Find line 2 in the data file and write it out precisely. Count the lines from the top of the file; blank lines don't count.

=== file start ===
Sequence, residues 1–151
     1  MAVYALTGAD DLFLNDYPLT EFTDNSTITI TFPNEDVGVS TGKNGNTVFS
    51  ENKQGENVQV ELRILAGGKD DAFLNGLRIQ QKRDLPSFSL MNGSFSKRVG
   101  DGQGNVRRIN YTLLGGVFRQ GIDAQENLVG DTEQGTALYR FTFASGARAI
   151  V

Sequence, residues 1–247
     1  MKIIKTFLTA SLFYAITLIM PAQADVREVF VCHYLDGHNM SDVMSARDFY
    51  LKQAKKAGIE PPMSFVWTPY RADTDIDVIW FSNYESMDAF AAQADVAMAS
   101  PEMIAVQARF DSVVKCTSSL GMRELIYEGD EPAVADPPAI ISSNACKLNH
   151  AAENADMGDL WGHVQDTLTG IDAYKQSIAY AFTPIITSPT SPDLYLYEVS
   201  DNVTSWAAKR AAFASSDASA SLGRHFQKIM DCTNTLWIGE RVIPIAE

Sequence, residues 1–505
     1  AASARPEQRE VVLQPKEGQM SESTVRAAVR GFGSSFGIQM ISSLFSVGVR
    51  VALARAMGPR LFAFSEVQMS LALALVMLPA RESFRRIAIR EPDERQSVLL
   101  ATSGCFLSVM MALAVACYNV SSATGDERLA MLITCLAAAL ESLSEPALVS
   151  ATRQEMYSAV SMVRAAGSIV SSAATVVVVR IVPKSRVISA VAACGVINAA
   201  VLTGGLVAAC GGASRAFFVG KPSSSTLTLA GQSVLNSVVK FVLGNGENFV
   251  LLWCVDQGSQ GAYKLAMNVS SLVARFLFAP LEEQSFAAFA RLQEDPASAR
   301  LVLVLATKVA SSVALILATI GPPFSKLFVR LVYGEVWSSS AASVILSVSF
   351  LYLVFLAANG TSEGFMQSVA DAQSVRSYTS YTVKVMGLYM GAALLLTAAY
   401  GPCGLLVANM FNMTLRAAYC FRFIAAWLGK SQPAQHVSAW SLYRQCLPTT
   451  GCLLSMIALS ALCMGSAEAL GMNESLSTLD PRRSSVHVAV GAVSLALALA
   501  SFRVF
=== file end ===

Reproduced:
     1  MAVYALTGAD DLFLNDYPLT EFTDNSTITI TFPNEDVGVS TGKNGNTVFS